dated February 22, 1957: UN resolution vetoed

February 22, 2007 12:00 am | Updated September 27, 2016 11:53 pm IST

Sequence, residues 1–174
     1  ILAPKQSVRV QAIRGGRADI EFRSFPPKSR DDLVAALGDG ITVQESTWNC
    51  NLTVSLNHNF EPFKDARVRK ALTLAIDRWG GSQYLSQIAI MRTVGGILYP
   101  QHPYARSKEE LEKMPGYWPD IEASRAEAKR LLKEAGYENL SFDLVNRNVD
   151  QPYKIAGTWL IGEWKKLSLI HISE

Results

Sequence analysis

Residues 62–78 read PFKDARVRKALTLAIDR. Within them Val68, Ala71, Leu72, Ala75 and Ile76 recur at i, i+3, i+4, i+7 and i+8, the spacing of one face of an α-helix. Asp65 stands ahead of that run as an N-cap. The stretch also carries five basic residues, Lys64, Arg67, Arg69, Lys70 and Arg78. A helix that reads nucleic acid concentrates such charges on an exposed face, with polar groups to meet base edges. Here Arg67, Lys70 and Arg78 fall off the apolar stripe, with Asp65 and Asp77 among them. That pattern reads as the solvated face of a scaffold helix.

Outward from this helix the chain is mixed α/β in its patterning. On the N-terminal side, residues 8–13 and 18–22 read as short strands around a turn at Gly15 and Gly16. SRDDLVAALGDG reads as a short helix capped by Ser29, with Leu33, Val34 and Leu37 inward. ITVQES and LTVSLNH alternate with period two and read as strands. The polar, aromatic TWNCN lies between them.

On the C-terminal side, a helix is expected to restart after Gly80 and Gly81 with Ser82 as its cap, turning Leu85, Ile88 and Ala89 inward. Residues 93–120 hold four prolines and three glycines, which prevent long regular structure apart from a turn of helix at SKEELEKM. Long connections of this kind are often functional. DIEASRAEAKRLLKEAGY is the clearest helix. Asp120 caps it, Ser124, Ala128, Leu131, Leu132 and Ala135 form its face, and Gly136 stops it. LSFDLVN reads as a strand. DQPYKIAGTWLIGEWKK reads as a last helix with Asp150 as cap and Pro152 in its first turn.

The Soviet Union on February 20 vetoed in the Security Council the four-Power resolution on Kashmir proposing that Mr. Gunnar Jarring of Sweden be sent to India and Pakistan to discuss the question of demilitarisation of Kashmir and suggesting that the Pakistani proposal of sending a temporary UN force to Kashmir be examined. Britain, the US, Australia and Cuba, which had proposed the mission, made another bid in a new resolution introduced immediately after the resolution was defeated. Mr. Arkady Sobolev, the Russian delegate, declared that the new resolution was only a repetition of the previous one which was unacceptable to India and he would be obliged to vote against it. These dramatic developments followed two interventions in the debate by Mr. V.K. Krishna Menon, India's representative, who had come to the Council from his sick bed. He told the Council that India would regard an attack on Kashmir as an attack on India and would take action accordingly. Reiterating that Kashmir was an integral part of India against which aggression had taken place, he said, "It is our duty, under the Charter, to resist the invasion if our territory is invaded, and I am directed to repeat that any invasion of any part of India is an invasion of the whole country." He said the four-Power resolution would not be a conciliatory act. It would be a step worsening the situation. "We are prepared at all times to seek conciliation methods. But no invader, whether in the Middle East, central Europe or Kashmir could be permitted to reap the fruits of aggression. Our position on Kashmir will stand the test of morality. We stopped our victorious army from going to Pakistan frontiers in the hope of settling the question by conciliation. India will not at any time resile from any international agreement. But what do I tell my people about the action of the Security Council which has nothing to say about the aggression even after nine years?" he asked. Mr. Menon, who left his sick-bed to attend the Council meeting against the advice of his physician, collapsed after a two-hour speech and was rushed to the health clinic on the fifth floor.

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